Flight between capitals

A criss-cross copse, paths meeting at some clearing in the trees, is clear as day from seat 18A. Down there the wood is a maze, a mysterious place where unseen arrows may fly, or a deer appear, hoof raised as it scents the air.


The Home Counties of England sprawl in fields of autumn gold and chestnut, some dark-brown turned-earth and patches of pale-washed grazing green or the seedling flush of winter crops. Their curving, erratic boundaries were laid down by centuries of strip-farming, irrigation or plague, Enclosure and the machine-demands of agri-business. The hedgerow-decimation has not made them tidily square, though right-angles at the edges of woods, ruler roads and arrow-straight railways, shout out beneath the shifting cloud shadows.

Hamlets cluster on the flatlands, placed at seeming random; the niceties of fordable streams, convenient look-outs or other magnets for settlement invisible from the air. Village positions are hallowed by time, proud of their Domesday legacy, jealous of Tudor mansions, reliving the tides of civil war or Napoleonic defense. Iron Age forts, meanwhile, are shrouded in long grass on forgotten tumuli. Sacred wells are mere springs beneath a boggy corner. History acknowledges the Romans, remembers the Saxons and got going with the Normans. Conquest; assimilation and now urgent defense against imaginary enemies trump realities of escapees from  contemporary invasions.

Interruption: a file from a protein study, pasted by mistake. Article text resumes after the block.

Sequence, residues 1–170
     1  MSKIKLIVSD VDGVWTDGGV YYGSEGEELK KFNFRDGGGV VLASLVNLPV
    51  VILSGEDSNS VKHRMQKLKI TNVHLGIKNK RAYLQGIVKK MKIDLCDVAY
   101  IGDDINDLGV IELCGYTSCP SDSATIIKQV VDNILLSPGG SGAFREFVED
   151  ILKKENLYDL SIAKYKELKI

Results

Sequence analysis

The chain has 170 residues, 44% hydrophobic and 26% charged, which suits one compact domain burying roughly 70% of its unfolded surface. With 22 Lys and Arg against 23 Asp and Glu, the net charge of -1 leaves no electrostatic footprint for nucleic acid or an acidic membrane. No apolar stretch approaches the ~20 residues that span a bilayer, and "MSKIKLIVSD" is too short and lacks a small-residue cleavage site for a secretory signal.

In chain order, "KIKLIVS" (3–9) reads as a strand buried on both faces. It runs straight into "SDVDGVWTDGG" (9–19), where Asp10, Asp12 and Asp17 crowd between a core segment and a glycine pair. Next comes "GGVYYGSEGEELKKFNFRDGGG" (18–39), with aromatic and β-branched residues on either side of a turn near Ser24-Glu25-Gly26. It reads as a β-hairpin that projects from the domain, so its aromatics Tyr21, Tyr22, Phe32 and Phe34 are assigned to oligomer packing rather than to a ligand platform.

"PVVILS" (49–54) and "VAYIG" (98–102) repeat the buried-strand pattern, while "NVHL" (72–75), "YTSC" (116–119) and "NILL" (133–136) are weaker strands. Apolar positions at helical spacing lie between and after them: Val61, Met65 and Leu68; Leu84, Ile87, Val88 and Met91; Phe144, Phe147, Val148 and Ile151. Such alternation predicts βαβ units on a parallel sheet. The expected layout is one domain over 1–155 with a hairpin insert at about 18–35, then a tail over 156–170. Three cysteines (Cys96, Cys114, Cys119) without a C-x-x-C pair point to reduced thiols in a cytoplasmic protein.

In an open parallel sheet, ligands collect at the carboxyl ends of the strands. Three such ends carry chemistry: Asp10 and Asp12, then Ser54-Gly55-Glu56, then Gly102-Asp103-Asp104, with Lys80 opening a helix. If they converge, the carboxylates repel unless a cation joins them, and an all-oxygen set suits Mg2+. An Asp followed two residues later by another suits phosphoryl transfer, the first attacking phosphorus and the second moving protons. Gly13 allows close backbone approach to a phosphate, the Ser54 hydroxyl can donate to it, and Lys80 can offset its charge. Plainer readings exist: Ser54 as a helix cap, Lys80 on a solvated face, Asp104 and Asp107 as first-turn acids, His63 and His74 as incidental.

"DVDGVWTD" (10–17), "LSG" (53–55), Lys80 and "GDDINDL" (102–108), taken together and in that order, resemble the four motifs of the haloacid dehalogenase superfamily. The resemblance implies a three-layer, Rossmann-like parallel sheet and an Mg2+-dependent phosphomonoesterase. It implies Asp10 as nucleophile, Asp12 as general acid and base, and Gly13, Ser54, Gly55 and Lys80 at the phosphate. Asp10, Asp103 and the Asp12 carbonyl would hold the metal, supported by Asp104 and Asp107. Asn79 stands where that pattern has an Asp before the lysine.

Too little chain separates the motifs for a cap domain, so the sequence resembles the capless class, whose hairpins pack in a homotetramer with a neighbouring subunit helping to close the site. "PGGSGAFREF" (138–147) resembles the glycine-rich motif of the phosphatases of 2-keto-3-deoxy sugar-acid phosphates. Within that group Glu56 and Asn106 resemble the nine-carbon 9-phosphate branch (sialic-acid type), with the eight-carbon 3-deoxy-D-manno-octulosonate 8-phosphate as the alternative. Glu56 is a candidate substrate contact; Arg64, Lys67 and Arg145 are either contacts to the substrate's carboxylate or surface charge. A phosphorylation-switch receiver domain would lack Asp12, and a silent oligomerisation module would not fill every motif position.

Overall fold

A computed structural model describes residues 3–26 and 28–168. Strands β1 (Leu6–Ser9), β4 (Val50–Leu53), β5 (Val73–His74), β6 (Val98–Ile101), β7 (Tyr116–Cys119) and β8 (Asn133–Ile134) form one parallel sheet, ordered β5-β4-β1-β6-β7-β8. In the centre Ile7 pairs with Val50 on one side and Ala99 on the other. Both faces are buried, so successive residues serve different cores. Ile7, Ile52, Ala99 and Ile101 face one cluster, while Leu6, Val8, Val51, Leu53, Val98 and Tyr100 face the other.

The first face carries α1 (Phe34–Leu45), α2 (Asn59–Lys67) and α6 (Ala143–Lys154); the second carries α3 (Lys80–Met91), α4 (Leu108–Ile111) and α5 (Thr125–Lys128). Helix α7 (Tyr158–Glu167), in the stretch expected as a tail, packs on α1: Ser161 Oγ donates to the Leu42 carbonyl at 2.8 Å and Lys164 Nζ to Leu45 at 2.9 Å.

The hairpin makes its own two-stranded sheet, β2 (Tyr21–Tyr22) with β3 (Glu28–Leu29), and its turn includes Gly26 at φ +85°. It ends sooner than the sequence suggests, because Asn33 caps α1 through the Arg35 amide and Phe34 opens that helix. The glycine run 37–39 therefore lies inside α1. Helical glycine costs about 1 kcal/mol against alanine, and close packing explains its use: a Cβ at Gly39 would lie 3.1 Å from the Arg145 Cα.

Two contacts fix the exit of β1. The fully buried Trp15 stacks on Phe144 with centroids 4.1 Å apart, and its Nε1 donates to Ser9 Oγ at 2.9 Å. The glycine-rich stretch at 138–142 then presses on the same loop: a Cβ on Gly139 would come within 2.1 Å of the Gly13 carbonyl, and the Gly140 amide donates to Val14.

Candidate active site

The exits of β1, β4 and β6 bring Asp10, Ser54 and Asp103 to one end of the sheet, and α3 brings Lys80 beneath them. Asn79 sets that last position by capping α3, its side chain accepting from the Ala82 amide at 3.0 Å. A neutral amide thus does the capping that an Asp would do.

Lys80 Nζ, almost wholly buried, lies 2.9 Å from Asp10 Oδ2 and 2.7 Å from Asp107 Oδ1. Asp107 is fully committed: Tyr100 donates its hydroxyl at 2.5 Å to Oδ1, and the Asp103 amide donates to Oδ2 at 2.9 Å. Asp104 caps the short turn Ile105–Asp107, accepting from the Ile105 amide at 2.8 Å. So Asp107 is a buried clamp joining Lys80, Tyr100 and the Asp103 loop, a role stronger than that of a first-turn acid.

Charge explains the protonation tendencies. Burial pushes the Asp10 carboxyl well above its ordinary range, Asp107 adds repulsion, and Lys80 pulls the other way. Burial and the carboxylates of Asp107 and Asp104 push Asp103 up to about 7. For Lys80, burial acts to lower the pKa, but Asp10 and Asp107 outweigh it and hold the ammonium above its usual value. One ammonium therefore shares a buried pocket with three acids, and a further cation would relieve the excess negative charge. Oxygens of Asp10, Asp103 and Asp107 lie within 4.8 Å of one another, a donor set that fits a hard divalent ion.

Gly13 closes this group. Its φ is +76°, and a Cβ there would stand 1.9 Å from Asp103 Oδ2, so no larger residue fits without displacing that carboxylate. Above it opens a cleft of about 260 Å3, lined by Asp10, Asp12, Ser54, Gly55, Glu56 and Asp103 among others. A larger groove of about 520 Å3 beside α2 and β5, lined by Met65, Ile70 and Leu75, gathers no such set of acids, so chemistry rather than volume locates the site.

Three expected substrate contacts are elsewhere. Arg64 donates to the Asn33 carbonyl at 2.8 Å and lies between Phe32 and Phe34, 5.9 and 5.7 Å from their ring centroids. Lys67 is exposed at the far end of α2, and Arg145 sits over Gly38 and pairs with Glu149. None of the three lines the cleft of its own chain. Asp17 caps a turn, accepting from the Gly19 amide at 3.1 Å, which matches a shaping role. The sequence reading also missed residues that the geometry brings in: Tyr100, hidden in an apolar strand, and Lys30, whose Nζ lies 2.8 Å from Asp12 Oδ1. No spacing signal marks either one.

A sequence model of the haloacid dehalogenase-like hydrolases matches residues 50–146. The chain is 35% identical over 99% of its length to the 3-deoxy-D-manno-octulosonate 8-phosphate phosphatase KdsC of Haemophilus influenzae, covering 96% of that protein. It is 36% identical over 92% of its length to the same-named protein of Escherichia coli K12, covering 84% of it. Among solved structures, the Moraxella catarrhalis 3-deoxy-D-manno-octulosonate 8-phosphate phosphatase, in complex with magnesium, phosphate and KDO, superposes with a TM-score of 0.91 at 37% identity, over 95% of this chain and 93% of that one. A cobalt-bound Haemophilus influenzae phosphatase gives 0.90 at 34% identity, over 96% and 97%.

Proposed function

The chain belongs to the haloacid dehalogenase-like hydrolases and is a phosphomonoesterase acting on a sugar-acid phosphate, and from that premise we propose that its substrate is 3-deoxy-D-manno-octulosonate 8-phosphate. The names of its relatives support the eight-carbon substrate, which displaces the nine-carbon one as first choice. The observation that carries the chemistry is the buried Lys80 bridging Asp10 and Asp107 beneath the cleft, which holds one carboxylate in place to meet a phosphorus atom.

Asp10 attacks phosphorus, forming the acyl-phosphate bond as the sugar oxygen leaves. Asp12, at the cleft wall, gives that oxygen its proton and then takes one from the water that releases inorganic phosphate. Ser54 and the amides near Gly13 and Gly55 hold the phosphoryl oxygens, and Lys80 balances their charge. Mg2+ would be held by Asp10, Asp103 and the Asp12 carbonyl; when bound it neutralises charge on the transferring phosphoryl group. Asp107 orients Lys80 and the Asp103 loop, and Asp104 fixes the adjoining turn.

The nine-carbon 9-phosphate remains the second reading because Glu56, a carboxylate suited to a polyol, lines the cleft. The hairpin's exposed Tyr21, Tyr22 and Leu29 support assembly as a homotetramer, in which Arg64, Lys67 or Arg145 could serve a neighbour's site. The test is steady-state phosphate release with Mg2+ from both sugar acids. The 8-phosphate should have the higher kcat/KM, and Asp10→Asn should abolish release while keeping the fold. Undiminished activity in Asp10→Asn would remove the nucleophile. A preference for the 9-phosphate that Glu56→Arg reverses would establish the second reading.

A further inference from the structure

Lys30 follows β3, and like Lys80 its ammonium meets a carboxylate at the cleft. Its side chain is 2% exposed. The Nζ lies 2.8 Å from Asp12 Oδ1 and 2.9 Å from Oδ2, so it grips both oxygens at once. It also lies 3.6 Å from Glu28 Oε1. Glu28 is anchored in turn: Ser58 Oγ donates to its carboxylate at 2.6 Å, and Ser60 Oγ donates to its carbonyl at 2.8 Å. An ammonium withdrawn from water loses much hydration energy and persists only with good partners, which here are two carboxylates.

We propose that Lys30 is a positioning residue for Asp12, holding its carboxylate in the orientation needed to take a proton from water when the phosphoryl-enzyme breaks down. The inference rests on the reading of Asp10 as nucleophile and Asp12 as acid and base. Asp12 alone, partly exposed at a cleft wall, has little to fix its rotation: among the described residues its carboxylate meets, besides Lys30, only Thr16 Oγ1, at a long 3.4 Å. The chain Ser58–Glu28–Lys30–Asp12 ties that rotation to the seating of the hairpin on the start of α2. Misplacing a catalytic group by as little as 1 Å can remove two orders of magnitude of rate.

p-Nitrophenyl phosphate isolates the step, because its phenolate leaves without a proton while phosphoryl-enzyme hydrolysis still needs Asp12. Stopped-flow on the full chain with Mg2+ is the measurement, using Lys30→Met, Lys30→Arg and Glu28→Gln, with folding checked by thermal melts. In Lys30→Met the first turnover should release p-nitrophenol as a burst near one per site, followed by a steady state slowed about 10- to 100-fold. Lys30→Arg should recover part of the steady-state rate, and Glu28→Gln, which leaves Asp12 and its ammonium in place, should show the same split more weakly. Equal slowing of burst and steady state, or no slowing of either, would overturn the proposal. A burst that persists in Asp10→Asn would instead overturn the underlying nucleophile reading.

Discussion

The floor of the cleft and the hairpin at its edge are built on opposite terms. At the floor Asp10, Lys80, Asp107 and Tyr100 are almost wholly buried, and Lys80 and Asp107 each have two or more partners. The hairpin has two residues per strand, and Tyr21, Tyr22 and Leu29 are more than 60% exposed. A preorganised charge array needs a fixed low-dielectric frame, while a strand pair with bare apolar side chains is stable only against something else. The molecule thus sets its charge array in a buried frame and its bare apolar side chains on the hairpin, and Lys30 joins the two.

The Dartford Crossing is a toy with spikes as a container ship inches up-river, the water muddy and opaque. Tilbury is left behind as our wings tilt again, turning back towards the reaching roads and crescents, passing the armadillo hats of the Thames Barrier. The dense City reaches up at our undercarriage while docks and roads alike glitter in September sun. Churches sit in their green graveyards and trees flourish in municipal heartlands and wealthy enclaves. Our shadow crosses the roof of Excel before we swoop, low and loud, over Galleon’s Reach.

We have arrived in that fifth country of the Union. London.


About Sarah Tanburn

I'm a writer, a sailor and a strategic adviser to public organisations. Visit my websites to find out more.
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